The grammar reflects significant typological aspects thus serving as a reasonable basis for further comparison in Uralic studies.

Linguistic Bibliography for the Year 2017 / / Bibliographie Linguistique de l’année 2017

and Supplement for Previous Years / et complement des années précédentes

Series:

Edited by Anne Aarssen, René Genis and Eline van der Veken

The Linguistic Bibliography / Bibliographie Linguistique is the annual bibliography of theoretical linguistics published by the Permanent International Committee of Linguists under the auspices of the International Council of Philosophy and Humanistic Studies of UNESCO. With a tradition of over sixty-five years, the Linguistic Bibliography is by far the most comprehensive bibliographic reference work in the field. It covers all disciplines of theoretical linguistics, both general and language specific, from all geographical areas, including endangered and extinct languages with particular attention to lesser-known Indo-European and non-Indo-European languages. Up-to-date information is guaranteed by the collaboration of some forty-five contributing specialists from all over the world. With over 20,000 titles arranged according to a subject and language classification, the Linguistic Bibliography is a standard reference work for every scholar of language and linguistics. This volume has been brought up-to-date and contains extensive indexes of names, languages, and subjects.

A Bibliography of South African Languages, 2008-2017

With an Introduction by Menán du Plessis

Edited by Anne Aarssen, René Genis and Eline van der Veken

This concise bibliography on South-African Languages and Linguistics was compiled on the occasion of the 20th International Congress of Linguists in Cape Town, South Africa, July 2018. The selection of titles is drawn from the Linguistic Bibliography and gives an overview of scholarship on South African language studies over the past 10 years. The introduction written by Menán du Plessis (Stellenbosch University) discusses the most recent developments in the field.
The Linguistic Bibliography is compiled under the editorial management of Eline van der Veken, René Genis and Anne Aarssen in Leiden, The Netherlands.
Linguistic Bibliography Online is the most comprehensive bibliography for scholarship on languages and theoretical linguistics available. Updated monthly with a total of more than 20,000 records annually, it enables users to trace recent publications and provides overviews of older material.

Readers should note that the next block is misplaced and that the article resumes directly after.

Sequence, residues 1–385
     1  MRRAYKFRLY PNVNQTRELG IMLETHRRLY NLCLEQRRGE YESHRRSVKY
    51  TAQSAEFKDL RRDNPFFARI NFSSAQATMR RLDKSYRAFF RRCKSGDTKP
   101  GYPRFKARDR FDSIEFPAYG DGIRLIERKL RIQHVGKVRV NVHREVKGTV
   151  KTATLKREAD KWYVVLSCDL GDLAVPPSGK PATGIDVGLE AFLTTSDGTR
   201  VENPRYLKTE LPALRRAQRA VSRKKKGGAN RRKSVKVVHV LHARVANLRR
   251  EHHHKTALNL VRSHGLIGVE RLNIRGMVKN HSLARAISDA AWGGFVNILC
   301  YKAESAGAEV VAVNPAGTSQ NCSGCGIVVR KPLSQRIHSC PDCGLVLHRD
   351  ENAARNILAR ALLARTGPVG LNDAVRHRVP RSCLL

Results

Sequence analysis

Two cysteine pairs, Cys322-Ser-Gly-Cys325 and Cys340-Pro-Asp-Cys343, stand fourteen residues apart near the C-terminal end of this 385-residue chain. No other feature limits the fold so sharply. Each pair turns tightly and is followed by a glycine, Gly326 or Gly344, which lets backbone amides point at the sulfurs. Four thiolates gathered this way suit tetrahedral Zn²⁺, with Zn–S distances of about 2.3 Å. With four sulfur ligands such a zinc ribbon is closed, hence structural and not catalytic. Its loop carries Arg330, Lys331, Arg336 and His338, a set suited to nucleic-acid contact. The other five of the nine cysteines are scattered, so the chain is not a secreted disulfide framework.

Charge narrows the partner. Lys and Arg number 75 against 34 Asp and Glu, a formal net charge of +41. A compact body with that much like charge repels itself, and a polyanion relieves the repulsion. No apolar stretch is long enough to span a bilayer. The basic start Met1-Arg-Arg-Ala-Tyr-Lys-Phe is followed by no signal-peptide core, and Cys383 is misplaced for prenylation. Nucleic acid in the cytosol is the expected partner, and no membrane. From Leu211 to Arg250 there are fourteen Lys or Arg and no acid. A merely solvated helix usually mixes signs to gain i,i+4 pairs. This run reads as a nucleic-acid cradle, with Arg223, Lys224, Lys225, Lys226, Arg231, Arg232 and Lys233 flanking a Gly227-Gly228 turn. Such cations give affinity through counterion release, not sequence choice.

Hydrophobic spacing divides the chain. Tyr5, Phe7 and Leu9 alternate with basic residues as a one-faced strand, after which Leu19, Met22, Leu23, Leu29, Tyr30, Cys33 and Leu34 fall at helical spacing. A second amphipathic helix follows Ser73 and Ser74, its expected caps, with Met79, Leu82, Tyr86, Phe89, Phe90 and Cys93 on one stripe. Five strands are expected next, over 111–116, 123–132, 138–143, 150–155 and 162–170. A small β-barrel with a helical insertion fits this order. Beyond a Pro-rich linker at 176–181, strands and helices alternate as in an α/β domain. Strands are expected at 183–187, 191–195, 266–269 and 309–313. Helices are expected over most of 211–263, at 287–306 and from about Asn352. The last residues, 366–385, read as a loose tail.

For more information on Linguistic Bibliography and Linguistic Bibliography Online, please visit brill.com/lbo and linguisticbibliography.com.

The e-book version of this bibliography is available in Open Access.

A Bibliography of Sign Languages, 2008-2017

With an Introduction by Myriam Vermeerbergen and Anna-Lena Nilsson

Edited by Anne Aarssen, René Genis and Eline van der Veken

This concise bibliography on Sign Languages was compiled on the occasion of the 20th International Congress of Linguists in Cape Town, South Africa, July 2018. The selection of titles is drawn from the Linguistic Bibliography and gives an overview of scholarship on Sign language over the past 10 years. The introduction is by Myriam Vermeerbergen (KU Leuven & Stellenbosch University) and Anna-Lena Nilsson (NTNU – Norwegian University of Science and Technology) discusses the most recent developments in the field. The Linguistic Bibliography is compiled under the editorial management of Eline van der Veken, René Genis and Anne Aarssen in Leiden, The Netherlands. Linguistic Bibliography Online is the most comprehensive bibliography for scholarship on languages and theoretical linguistics available. Updated monthly with a total of more than 20,000 records annually, it enables users to trace recent publications and provides overviews of older material. For more information on Linguistic Bibliography and Linguistic Bibliography Online, please visit brill.com/lbo and linguisticbibliography.com.
The e-book version of this bibliography is available in Open Access on brill.com.

Linguistic Bibliography for the Year 2016 / / Bibliographie Linguistique de l’année 2016

and Supplement for Previous Years / et complement des années précédentes

Series:

Edited by Anne Aarssen, René Genis and Eline van der Veken

The Linguistic Bibliography / Bibliographie Linguistique is the annual bibliography of theoretical linguistics published by the Permanent International Committee of Linguists under the auspices of the International Council of Philosophy and Humanistic Studies of UNESCO. With a tradition of over sixty-five years, the Linguistic Bibliography is by far the most comprehensive bibliographic reference work in the field. It covers all disciplines of theoretical linguistics, both general and language specific, from all geographical areas, including endangered and extinct languages with particular attention to lesser-known Indo-European and non-Indo-European languages. Up-to-date information is guaranteed by the collaboration of some forty-five contributing specialists from all over the world. With over 20,000 titles arranged according to a subject and language classification, the Linguistic Bibliography is a standard reference work for every scholar of language and linguistics. This volume has been brought up-to-date and contains extensive indexes of names, languages, and subjects.